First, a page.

What Happened To Irving Kanarek From The Charles Manson Case?

Correction: A prior version of this article stated Irving Kanarek died of cancer in 2020, but he died of natural causes. The article has been updated to reflect this.

The seven-month trial of Charles Manson and three of his cult followers opened on July 24, 1970. The descriptions of the brutality inflicted on seven innocent victims were coupled with the seemingly non-stop disruptions by both Manson and his co-defendants. In one incident, Manson leaped from his chair and tried to attack Judge Charles H. Older and had to be restrained by the bailiff (per CNN). 

Prosecutor Vincent Bugliosi authorized more than half a million dollars to prosecute the infamous cult leader and murderer and was countered in court by attorney Irving Kanarek. The loud and bombastic approach of Manson's defense counsel may have helped fuel his client's outbursts in the courtroom. Kanarek made repeated objections during the trial, including during Bugliosi's opening statements to the jury (via Yahoo! News). 

Though a skilled defense attorney, Kanarek was unable to secure a not-guilty verdict for Manson. Manson, along with Patricia Krenwinkel, Susan Atkins, and Leslie Van Houten were convicted of multiple counts of first-degree murder and sentenced to death, though their death sentences were later commuted to life in prison after a 1972 California Supreme Court ruling (per Famous Trials).

The opportunity to defend a high-profile client like Manson was a once-in-a-lifetime opportunity for any attorney — one that had the potential to reap a lot of exposure and financial rewards. But this wasn't the case with Kanarek. 

Kanarek refused to cash in on Manson's infamy

Prosecutor Bugliosi made a mint off of his role in the Manson trial saga, penning the best-selling 1974 book "Helter Skelter." The book covered the Tate-Labianca murders, Manson's shady history, and the lengthy trials of both Manson and his cohorts. "Helter Skelter" went on to become the No. 1 true crime seller in history with over 7 million copies sold. But Kanarek wasn't going to go that route with the case after the trial. 

Kanarek didn't write any books or engage in any venture that would have allowed him to profit in any way from his representation of Manson. Yahoo! News tells us that Kanarek had the opinion that doing so would violate attorney-client privilege. The lawyer stayed in contact with Manson in the decades after his conviction and felt that any information that would be useful in a book would be exploitative.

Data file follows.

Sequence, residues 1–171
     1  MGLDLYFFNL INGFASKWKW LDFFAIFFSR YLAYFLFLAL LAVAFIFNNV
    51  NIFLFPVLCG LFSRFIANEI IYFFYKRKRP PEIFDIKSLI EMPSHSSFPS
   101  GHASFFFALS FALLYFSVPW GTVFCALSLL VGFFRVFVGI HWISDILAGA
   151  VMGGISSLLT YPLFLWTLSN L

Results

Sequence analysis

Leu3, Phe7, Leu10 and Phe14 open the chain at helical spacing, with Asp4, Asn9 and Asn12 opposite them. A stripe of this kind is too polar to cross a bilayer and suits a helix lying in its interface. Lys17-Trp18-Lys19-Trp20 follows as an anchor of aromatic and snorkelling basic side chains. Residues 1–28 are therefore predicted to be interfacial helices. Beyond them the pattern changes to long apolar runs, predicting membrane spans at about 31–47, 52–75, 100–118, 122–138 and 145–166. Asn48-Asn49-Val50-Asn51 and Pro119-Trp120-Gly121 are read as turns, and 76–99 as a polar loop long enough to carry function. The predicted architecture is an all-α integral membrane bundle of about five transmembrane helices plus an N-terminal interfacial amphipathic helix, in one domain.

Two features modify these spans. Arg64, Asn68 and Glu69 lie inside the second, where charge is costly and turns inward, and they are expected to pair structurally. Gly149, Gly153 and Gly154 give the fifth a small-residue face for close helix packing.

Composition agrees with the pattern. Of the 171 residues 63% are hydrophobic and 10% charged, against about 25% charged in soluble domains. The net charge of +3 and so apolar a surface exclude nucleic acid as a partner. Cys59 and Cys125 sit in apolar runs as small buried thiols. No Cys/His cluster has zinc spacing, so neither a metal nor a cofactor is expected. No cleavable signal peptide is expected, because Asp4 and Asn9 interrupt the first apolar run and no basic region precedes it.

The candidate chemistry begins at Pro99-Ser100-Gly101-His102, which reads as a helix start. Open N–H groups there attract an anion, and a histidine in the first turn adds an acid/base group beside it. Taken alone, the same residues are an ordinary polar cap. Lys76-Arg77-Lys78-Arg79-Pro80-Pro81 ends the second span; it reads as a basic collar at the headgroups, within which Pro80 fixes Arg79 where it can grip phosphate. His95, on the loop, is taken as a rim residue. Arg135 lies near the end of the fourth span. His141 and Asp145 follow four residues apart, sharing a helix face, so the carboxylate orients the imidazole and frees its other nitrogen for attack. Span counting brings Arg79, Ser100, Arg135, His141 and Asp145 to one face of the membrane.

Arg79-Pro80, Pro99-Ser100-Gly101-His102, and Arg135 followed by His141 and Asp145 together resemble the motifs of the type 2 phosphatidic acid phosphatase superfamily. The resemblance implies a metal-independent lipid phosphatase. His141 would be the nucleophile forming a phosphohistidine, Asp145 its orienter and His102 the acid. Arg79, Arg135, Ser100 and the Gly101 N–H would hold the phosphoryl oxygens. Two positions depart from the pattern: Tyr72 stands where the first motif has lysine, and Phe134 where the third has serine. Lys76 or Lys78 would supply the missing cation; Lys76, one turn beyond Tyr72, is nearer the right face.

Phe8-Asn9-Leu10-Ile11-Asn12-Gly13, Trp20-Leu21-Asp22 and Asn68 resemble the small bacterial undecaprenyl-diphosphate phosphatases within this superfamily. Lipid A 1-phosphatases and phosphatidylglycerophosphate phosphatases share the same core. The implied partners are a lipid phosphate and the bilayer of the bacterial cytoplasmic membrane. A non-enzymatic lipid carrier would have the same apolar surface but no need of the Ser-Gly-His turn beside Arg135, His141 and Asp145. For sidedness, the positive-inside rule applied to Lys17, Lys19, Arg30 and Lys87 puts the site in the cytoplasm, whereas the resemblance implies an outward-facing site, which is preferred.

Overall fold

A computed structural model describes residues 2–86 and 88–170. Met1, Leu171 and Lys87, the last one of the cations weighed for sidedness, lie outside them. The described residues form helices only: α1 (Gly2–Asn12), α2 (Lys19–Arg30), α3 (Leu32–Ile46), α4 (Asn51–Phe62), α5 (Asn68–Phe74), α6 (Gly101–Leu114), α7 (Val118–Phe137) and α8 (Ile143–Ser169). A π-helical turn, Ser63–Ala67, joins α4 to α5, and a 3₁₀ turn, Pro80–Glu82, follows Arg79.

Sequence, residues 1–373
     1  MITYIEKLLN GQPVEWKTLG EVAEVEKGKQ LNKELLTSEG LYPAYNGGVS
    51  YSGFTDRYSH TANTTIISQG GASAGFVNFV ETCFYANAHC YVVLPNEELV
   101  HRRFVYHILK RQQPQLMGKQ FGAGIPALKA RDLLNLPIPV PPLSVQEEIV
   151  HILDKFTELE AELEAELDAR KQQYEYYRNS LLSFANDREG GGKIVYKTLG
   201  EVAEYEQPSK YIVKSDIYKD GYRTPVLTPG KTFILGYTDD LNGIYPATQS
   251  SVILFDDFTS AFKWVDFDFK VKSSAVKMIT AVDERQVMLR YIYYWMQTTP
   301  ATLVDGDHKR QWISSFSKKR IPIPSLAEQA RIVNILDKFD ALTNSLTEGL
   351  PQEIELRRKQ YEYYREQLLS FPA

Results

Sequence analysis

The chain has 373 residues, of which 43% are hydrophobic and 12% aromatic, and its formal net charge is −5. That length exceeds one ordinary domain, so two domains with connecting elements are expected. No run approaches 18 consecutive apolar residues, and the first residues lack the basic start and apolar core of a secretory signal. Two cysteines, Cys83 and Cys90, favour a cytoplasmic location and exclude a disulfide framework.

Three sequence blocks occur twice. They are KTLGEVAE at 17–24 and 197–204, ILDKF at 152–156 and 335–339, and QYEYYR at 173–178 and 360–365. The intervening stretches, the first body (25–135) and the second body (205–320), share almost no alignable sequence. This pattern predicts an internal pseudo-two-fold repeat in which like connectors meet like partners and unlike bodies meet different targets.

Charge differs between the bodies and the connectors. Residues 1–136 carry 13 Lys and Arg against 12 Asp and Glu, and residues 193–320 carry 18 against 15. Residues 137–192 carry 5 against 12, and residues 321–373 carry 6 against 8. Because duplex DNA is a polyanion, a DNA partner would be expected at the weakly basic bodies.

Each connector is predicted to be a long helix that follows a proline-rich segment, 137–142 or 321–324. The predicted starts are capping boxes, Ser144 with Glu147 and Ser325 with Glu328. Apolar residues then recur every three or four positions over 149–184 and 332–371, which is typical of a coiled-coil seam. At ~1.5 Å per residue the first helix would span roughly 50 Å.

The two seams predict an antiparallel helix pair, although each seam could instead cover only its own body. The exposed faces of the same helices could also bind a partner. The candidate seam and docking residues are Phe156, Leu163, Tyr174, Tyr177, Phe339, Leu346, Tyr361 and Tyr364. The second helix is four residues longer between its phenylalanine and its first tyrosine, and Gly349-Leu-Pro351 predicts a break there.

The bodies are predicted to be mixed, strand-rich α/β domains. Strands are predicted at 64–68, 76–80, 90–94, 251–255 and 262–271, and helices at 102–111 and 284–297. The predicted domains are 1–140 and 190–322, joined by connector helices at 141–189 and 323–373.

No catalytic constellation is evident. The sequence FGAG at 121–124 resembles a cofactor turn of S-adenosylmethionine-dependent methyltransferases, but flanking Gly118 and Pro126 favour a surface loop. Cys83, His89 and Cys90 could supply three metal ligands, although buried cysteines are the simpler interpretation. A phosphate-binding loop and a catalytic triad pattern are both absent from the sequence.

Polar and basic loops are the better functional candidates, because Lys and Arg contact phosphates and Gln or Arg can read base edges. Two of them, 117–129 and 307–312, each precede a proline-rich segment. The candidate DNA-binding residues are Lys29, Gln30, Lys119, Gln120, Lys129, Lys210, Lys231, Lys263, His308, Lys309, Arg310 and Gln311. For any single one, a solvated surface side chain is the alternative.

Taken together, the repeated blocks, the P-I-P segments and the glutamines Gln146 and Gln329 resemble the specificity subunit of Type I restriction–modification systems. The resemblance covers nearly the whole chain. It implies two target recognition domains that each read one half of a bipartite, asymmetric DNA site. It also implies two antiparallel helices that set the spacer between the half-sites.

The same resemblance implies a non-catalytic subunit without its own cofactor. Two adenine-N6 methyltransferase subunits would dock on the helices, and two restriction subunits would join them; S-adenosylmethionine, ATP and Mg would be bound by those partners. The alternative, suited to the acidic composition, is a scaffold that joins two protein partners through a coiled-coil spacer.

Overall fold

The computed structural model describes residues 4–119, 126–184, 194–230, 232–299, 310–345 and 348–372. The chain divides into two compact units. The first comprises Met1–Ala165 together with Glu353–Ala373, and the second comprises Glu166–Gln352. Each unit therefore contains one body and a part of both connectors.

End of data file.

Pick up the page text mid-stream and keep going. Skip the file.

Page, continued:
Kanarek also maintained that Manson was innocent of murder, even years after the courtroom drama had concluded. He told The Guardian that Manson's "evil" persona was the result of a media frenzy and that the evidence showed that Manson wasn't involved in the murders. He insisted that the evidence against Manson was hearsay and that no evidence connected him directly to any of the murders.

Kanarek experienced mental health issues later in life

As the years passed after the Manson trial, Kanarek found himself falling on hard times on more than one occasion. Yahoo! News reports of one situation where Kanarek got into a heated dispute with the Torrence, California district attorney, leading to police removing him from the premises in handcuffs. As a result of the incident, Kanarek was committed to the Harbor-UCLA Medical Center to undergo mental health treatment.

Late in his life, Kanarek revealed that he had spent time in a different mental health facility. After a lengthy stay, the attorney went back to find his law practice had been disrupted. While he was under care, several clients filed claims against him that led to the California Bar Association paying out settlements. The $40K in debt he was greeted with upon his release made him choose to surrender his license to practice law soon afterward. He maintained in interviews that the claims were "bogus," but that he was not financially able to fight the Bar on their ruling. 

The Los Angeles Times reported that Kanarek spent several years living in a motel, surviving off of his social security checks. He wasn't able to afford a vehicle and his ability to better his financial situation was hampered by the Bar blocking his license reinstatement until he was able to pay back the money they assessed against him.

Kanarek once tried to sue Bugliosi for libel

After the Manson trial, Kanarek filed a suit against Bugliosi, claiming that the prosecutor had made committed libel against him in his book "Helter Skelter." Yahoo! News reports that the claim centered around Kanarek alleging that the book portrayed him as "a bumbling, stumbling, foolish, ridiculous attorney." The $11 million lawsuit was ultimately dismissed by the courts.

Kanarek told The Guardian in a 2014 interview that he had no regrets about defending Manson and would do it all over again if he could. He quipped, "I would defend a client who I knew was guilty of horrific crimes. They have to be proved guilty. I've had cases where people were guilty as hell but they couldn't prove it. And if they can't prove it, he's not guilty. In that case, the person walks free. That's American justice."

Kanarek died of natural causes on September 2, 2020 (via the LA Times). The retired attorney was 100 years old (per The New York Times).